The Stompin’ Tom Awards are given annually to the unsung heroes of the East Coast Music industry. “These well-deserving recipients have all made significant contributions to East Coast music…” says Wade Pinhorn, of the East Coast Music Association.

Murnaghan who had been playing in country bands recalled how the Tremtones started. “The band started in the footings of Birchwood High School,” said Murnaghan. “Gordie Ferguson and I were working digging the footings. We sat down next to each other one day at lunch. We got talking about music and Gordie said ‘I just got a new guitar, one of those Sears Harmony Silvertone guitars.’”

“I decided to work with him,” Murnaghan continued. “At age 17, I’d been playing guitar for 4 years. Next in was Gordie MacEwen the keyboard player and Dave Mills on drums. After that we were the Tremtones.”

“There weren’t many basses back then,” recalled Murnaghan. “The first bass was made from an old jukebox guts. We drove over to Moncton and bought an old jukebox from the distributor. We made a bass amplifier from the guts and the big speaker.”

Playing around Charlottetown, the Tremtones covered rockabilly, Elvis Presley, Jerry Lee Lewis, Johnny Cash, Gene Vincent, and Eddie Cochrane among other popular artists of the day.

“We did a lot of Elvis,” said Murnaghan. “I still do a lot of Elvis in the old folk’s homes. Elvis is popular. When I sing ‘Don’t Be Cruel’ I get the audience to sing the ‘Oooh oooh oooh’ to make it fun.”

“We did Jerry Lee Lewis ‘Great Balls of Fire’ and that became the theme of our reunion at the Rollaway,” said Murnaghan. “That was an historic club for us and PEI. Don Messer and the Islanders played there along with lots of other musicians.”

“Our favourite fast songs were ‘Don’t Be Cruel’ and the Jerry Lee Lewis ‘Whole Lot of Shaking’. The crowds loved Ricky Nelson’s ‘Lonesome Town’ for a slow song,” said Murnaghan.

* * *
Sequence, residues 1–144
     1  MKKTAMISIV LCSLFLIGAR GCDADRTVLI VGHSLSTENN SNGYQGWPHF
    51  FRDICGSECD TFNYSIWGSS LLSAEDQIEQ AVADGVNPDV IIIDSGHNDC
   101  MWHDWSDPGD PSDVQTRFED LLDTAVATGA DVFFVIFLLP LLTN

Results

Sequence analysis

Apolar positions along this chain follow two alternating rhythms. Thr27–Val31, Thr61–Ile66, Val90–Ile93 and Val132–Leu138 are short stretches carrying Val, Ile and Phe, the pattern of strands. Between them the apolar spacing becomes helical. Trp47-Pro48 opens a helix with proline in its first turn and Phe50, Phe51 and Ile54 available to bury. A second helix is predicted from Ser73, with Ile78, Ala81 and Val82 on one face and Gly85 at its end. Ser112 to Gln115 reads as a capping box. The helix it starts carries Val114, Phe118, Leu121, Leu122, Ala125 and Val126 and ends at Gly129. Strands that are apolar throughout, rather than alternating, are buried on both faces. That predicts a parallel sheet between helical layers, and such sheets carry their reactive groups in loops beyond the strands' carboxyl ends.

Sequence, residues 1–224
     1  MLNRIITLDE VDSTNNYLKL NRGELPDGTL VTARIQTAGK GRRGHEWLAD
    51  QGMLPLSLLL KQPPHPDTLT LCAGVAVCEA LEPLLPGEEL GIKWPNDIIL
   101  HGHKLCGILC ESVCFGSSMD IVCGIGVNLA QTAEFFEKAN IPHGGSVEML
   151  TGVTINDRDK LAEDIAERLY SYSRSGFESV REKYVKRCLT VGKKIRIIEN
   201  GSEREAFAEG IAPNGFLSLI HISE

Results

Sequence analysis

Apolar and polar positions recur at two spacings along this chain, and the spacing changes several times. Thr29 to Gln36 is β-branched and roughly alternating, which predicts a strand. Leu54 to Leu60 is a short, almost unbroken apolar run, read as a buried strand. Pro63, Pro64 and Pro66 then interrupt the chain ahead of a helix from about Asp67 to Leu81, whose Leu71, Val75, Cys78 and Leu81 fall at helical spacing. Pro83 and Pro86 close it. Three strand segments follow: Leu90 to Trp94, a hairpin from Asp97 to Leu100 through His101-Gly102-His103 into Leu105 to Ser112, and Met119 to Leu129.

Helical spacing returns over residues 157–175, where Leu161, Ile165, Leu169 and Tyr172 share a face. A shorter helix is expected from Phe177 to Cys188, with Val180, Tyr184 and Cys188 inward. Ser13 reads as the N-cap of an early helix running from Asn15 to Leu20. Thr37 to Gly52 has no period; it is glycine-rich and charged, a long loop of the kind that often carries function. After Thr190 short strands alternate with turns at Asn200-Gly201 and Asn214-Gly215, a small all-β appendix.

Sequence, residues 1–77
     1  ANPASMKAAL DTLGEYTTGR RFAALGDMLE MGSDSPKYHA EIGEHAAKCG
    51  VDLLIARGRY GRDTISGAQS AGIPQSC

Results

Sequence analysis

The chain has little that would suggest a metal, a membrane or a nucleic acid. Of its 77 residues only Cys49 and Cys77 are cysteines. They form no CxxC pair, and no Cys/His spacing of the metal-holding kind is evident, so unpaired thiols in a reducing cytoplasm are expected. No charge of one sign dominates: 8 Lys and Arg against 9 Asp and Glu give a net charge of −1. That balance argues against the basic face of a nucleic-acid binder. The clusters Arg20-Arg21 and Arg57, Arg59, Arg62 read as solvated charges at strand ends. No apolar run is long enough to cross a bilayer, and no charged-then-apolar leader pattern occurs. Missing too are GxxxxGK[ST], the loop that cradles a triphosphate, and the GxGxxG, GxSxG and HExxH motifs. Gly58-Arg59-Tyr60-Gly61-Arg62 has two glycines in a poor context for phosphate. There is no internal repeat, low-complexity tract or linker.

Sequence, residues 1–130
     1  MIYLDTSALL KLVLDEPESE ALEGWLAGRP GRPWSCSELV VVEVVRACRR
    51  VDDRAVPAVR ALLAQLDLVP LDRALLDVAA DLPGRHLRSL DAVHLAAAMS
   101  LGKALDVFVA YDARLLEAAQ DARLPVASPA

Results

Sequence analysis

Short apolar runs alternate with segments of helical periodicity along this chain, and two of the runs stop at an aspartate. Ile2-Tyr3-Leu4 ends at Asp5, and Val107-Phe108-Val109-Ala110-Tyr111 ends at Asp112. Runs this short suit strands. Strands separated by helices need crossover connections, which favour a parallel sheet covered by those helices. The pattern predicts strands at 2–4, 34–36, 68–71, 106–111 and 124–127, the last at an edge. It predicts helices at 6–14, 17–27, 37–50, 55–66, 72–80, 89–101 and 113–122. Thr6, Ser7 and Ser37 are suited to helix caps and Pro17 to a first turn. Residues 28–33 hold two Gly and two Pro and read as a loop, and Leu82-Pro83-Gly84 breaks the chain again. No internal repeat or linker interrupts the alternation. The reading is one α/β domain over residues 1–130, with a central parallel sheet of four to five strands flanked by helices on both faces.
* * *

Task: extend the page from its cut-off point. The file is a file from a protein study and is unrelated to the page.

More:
“’Oh Donna’ was a big favourite for snuggling,” added Niall MacKay who variously sang, played bass and drums with the Tremtones. “We made a lot of people happy, made them smile. We played one end of the Island to the other, sometimes 6 nights a week. CJRW Radio would broadcast our dances at the Cahill Stadium.”

“My biggest regret at the ECMA’s was not having a chance to pay tribute to our fallen members, Gordie Ferguson, Dave Mills and George Halliwell,” said Murnaghan.

In their 60s, Billy Roy Murnaghan, Niall MacKay, Doug Carmody and Doug MacEwen are still performing in public. MacKay has been dubbed the ‘Grandfather of Rock and Roll’, a title he likes.

Old rock and rollers don’t fade away. They just rock on, their music still popular at dances and parties across PEI.

Glass Bead Making

Nova Scotia artisan Susan Hood gives Island workshops

by Ann Putnam

Glass artist Susan Hood demonstrating lampwork technique of bead-making at workshop at Victoria Glass Studio. Below: Susan’s “fantasy shell.”I had the opportunity recently to watch a fiery demonstration of glass bead making at the Victoria Glass Studio in Victoria-By-The-Sea by acclaimed bead maker and glass artist, Susan Hood. Susan also held demos and workshops at the Firehorse Studio in Charlottetown. In Susan’s studio, Glass Harp Gallery (www.glassharpgallery. com) in Yarmouth Nova Scotia, she has designed, created and restored stained glass works for many years. It was through her experience in stained glass that she came to glass bead making. It is this art medium, specifically lampwork, which most fulfills her as an artist.

Glass bead making is a craft that dates back centuries. The technique which was demonstrated here, called lampwork, torchwork or flamework, was popularised in Murano, Italy in the 1930s. Murano is still the capital of lampworking to this day and where you can find the masters of the art. Susan herself studied there under master bead maker, Lucio Bubacco.

Susan Hood is now a registered teacher in stained glass work and glass bead making. As we watched, Susan used hot flame to melt the end of a glass rod. Constantly coming back to the flame, she wrapped the molten glass around a thin metal mandrel. (The glass rods come in a multitude of colours and the mandrels come in different sizes which determines the size of the hole in the beads.) Layer after layer, with twists and turns for different effects, she added colours and textures until each unique bead was completed. With a steady hand and experienced eye, Susan created several different styles of beads during her two hour demonstration.